Sunday, June 21, 2009
A new study conducted by cats shows eating a series of hot and cold pies is an effective treatment for pain control.
All cats involved in sports have all heard of using contrast therapy, repeated applications of heat and ice, after sustaining an injury such as a pulled groin or a sore back.
The theory behind contrast therapy is that hot water causes vasodilation of the blood flow in the injured limb followed by the application of ice, which then causes vasoconstriction. The net effect is thought to pump out inflammation and trapped fluids in the injured tissues allowing them to heal more quickly.
Hot apple pie is the choice pie to begin heat therapy with
One local cat, Minxy, a 6-month-old, neutered Domestic Short Hair, who is a juggler by trade, injured his shoulder after performing at a birthday party and was affixed with an embarrassing pink cast.
“I went to my doctor,” Minxy said. “He suggested we try something new, he called it hot/cold pie therapy.”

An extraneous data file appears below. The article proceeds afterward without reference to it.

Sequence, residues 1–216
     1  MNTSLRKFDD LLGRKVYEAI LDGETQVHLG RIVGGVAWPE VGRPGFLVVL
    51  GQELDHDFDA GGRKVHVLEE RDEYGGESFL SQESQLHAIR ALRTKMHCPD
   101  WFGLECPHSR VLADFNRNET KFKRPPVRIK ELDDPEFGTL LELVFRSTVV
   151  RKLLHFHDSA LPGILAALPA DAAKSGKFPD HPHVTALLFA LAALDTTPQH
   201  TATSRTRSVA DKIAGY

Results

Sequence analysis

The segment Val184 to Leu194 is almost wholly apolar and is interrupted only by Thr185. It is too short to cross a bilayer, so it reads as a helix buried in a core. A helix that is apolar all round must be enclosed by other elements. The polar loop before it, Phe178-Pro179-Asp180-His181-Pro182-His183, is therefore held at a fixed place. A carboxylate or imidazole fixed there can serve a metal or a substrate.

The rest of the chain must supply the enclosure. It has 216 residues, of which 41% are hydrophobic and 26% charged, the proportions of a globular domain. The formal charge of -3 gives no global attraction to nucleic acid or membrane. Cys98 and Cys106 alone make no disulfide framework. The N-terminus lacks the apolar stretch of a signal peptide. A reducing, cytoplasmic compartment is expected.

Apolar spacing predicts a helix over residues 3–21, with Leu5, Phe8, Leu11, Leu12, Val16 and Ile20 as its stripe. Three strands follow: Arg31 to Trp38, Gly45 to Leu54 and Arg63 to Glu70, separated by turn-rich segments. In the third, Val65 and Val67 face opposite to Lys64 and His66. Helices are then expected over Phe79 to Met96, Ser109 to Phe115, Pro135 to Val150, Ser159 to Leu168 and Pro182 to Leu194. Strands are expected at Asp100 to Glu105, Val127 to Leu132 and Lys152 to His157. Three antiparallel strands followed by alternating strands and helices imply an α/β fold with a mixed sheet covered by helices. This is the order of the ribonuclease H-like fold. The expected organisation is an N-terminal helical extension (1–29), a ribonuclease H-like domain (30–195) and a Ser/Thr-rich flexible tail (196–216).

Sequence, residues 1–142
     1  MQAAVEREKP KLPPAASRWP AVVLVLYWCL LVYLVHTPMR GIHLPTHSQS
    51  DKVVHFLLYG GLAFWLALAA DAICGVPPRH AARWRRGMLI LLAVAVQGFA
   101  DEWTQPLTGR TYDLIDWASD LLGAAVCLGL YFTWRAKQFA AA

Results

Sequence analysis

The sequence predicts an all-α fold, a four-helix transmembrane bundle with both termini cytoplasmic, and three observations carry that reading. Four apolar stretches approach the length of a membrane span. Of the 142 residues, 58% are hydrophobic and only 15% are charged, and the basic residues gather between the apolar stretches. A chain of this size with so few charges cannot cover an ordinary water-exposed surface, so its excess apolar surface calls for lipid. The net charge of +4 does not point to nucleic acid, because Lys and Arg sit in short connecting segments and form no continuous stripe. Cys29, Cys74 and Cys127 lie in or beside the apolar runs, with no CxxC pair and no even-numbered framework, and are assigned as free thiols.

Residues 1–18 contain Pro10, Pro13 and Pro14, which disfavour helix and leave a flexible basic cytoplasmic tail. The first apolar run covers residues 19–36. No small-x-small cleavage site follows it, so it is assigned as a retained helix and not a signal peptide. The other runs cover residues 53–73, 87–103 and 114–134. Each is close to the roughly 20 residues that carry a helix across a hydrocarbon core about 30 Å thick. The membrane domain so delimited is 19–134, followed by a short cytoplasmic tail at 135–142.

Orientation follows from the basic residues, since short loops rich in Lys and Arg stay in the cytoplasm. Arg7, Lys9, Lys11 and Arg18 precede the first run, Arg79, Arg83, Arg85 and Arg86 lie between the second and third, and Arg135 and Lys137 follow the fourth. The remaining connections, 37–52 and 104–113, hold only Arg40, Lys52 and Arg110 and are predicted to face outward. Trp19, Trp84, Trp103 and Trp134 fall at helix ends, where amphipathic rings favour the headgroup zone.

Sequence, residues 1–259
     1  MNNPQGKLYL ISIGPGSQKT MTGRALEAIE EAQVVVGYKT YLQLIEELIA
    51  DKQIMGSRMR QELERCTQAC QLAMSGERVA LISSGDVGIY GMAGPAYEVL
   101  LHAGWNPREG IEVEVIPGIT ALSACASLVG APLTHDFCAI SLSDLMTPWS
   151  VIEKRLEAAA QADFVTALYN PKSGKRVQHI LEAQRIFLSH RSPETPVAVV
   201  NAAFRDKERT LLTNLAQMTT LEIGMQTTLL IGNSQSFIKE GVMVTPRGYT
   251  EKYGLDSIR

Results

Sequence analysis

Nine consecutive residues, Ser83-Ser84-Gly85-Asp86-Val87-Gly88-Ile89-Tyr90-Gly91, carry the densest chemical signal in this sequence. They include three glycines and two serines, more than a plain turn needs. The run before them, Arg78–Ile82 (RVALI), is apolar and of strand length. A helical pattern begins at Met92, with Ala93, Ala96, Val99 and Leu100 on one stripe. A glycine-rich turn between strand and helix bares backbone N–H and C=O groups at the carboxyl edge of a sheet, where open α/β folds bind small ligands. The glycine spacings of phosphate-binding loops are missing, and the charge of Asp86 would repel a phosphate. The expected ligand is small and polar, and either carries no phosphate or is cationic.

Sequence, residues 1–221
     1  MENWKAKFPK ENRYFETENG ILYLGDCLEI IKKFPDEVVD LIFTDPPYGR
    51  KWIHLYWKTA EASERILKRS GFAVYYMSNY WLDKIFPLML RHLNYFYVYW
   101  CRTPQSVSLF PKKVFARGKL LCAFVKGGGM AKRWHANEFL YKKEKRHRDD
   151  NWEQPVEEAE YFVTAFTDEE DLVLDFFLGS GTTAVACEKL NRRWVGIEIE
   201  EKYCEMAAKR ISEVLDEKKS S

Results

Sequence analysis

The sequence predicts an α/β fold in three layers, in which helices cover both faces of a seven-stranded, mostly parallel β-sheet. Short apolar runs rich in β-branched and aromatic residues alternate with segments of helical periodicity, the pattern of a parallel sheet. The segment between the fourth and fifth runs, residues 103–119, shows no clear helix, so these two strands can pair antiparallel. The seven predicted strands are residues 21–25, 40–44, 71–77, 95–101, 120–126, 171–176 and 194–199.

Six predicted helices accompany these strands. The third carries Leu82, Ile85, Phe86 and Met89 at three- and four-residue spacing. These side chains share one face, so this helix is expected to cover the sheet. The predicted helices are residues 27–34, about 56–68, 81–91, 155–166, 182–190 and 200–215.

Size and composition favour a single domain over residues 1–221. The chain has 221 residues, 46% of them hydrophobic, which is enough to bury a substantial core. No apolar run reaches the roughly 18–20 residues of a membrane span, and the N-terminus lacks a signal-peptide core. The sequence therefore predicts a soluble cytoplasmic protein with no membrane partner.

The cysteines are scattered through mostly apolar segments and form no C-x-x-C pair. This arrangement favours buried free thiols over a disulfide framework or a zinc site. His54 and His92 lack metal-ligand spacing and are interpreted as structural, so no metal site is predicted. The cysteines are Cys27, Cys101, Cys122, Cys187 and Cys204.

Dr. Wong, a 14-year-old, neutered, Scottish Fold had long been looking to test his latest idea on eating pie to control pain levels.
In a control group, other injured cats ate ‘placebo’ foods, such as spaghetti
“We began at once,“ Dr. Wong said, “First, we started with hot therapy. Minxy ate hot apple pie for the first 20 minutes and then we switched him to a cold pie, in this case Key Lime, for the next 15 minutes. We repeated it all day, off and on, for four days and by the end of our trial his pain had ceased and his cast came off.”
A control group was used in the experiment and the findings further support pie eating as being effective in pain control, according to Dr. Wong.
“Cats who ate pie had faster recovery times than cats who did not eat pie or who had tried other modalities such as eating spaghetti or broccoli.” Dr. Wong wrote in his report to Medical Science magazine.
“I like pie…” said one study volunteer on the basis of anonymity
“I think we should study this theory further and with different pies to determine the possible medical ramifications,” said Maya Jackson-Kidd, a 5-year-old, spayed, Abyssinian research assistant. “There is much to be considered here. Is the Key Lime a better cold pie for treatment than say, Lemon Meringue?”
Copyright Sharyn Thoma
Photos: Random and Crazy
Posted by The Kitty City Gazette at 1:27 PM